In finance and sport, we find participants that make a lot more money than their spouses (bankers, executives, athletes, doctors, lawyers). Even when a couple files jointly, there can be benefits to splitting income.
If you are an athlete then you might want to hire a coach or agent.
If you are a professional then you might have a separate consulting business that requires the services of an administrator, executive assistant or bookkeeper. This separate business might need it’s own office premises and these premises could be located in your home.
Providing there are real services exchanged, at fair market values, there can be benefits to your family with having your spouse own, and run, a separate services business.
The benefits come from:
- Improved financial power dynamics within your relationship.
- The ability to compensate a member of your family, for services that you’d have to hire independently.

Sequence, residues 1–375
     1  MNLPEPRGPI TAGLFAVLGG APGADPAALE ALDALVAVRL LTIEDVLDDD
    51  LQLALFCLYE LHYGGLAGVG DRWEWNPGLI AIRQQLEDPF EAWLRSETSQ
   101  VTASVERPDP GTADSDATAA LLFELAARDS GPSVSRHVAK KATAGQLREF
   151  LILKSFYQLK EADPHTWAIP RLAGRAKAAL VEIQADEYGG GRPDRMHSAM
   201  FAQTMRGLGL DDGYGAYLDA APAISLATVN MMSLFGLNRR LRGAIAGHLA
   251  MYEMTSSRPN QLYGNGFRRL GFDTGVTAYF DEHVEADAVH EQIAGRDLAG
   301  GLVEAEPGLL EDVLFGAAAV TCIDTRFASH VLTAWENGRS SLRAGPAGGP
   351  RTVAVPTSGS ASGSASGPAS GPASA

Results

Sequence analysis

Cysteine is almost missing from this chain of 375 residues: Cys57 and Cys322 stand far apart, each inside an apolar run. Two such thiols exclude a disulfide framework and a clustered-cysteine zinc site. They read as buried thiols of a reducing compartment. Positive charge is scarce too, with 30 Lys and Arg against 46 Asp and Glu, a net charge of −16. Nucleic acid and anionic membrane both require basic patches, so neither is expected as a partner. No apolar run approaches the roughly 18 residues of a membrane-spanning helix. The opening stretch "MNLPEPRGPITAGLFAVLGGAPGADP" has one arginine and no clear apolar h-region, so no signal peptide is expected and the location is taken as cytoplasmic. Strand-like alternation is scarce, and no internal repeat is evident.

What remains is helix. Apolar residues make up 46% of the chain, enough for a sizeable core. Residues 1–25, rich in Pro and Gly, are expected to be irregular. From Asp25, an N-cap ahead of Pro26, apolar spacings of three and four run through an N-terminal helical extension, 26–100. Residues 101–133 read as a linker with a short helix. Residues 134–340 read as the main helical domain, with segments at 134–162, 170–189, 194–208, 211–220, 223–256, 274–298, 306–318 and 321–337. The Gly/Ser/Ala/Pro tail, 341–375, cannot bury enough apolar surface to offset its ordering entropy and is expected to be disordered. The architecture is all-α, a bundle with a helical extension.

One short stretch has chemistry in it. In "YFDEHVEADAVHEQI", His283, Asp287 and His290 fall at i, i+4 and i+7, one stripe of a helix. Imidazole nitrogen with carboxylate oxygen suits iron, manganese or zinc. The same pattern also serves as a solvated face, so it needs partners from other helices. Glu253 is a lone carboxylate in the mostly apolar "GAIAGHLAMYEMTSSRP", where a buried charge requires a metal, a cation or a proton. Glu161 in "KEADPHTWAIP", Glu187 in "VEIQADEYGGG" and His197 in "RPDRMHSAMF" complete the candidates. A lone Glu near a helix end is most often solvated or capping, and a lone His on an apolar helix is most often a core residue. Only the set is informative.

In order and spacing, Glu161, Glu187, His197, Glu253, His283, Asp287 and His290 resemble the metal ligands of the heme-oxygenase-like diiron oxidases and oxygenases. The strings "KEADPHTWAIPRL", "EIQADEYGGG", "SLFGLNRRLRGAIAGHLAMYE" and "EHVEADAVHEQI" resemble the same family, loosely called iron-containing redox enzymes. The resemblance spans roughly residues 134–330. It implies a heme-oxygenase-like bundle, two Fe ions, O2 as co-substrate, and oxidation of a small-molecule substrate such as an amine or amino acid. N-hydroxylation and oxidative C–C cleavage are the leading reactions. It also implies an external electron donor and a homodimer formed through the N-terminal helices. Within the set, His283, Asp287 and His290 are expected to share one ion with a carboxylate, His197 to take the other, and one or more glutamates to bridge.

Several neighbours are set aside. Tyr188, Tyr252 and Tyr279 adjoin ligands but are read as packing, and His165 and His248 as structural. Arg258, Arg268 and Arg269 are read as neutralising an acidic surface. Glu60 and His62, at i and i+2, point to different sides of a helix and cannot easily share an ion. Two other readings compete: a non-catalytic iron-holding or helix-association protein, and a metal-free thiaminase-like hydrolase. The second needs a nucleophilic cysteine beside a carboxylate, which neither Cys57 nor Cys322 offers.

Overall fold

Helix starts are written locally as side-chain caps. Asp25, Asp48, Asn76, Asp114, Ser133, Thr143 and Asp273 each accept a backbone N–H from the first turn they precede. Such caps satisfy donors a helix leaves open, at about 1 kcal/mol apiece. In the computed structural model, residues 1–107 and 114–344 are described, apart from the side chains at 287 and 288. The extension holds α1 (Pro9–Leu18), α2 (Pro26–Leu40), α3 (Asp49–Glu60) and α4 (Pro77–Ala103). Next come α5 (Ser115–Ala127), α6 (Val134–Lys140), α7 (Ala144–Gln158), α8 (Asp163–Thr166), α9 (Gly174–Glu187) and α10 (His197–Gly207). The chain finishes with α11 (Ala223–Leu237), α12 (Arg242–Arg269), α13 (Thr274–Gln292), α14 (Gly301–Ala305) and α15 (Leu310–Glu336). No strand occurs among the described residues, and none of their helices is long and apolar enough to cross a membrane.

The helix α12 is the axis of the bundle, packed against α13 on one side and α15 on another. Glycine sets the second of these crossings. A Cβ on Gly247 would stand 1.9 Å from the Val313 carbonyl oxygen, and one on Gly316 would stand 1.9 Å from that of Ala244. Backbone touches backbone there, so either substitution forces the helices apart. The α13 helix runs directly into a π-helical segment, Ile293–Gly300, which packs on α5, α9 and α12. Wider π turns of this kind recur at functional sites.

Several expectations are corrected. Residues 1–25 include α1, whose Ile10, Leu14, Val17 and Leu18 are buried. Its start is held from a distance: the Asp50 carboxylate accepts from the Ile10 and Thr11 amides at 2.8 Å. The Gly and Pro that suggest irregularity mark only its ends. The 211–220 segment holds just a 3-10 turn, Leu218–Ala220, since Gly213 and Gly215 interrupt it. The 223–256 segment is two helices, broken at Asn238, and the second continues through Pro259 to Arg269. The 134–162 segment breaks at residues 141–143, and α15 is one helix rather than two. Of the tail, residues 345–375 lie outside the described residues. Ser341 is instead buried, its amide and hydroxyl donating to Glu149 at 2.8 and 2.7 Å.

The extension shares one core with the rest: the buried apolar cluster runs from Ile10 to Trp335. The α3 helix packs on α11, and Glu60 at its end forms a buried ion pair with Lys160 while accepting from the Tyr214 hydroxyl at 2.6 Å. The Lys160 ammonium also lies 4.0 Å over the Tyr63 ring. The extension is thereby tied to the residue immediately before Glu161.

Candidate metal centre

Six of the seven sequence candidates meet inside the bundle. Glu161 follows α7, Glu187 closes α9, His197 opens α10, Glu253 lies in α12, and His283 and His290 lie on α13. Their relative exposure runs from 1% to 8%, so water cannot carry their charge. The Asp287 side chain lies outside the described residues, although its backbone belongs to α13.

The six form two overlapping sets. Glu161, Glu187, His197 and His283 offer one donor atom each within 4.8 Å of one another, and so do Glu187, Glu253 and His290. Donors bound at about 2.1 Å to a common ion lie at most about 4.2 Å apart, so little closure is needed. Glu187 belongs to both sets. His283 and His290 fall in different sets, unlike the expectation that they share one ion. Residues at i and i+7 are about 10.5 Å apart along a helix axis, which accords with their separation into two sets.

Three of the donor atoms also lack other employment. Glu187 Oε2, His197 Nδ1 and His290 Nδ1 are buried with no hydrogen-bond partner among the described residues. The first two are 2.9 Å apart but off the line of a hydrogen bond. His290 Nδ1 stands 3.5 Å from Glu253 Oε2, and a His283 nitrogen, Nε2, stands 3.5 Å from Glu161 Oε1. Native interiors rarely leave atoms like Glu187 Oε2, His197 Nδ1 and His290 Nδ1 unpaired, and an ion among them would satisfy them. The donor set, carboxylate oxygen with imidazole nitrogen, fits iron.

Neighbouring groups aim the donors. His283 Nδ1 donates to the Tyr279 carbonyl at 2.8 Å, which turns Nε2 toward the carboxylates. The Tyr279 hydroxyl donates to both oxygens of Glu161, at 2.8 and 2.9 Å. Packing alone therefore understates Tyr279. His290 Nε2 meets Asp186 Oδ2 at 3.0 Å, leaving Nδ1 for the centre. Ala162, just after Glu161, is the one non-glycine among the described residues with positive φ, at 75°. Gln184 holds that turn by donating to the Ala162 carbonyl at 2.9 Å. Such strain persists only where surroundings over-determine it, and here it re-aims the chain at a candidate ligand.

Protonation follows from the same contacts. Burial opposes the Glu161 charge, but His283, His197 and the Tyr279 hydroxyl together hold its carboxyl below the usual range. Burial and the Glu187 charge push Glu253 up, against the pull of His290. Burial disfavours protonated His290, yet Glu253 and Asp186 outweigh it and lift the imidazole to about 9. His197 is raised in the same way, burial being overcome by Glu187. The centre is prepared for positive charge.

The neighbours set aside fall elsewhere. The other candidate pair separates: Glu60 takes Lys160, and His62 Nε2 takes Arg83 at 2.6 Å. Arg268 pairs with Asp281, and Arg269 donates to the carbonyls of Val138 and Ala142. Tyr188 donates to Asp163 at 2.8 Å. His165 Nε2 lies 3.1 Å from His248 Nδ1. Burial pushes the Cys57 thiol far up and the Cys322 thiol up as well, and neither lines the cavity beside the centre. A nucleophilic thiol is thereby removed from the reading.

- The ability for a younger, or lower earning, family member to qualify to make their own retirement account contributions. See single-k for more information.
- A reduced overall tax burden by bringing business expenses (occurred by outsiders) into the family’s allowable deductions. Examples might be travel or professional fees.
- Improving the credit rating of a family member, thereby saving the family money on it’s overall cost of borrowing.
What’s reasonable will vary on your situation and an experienced tax accountant can guide you on what’s appropriate.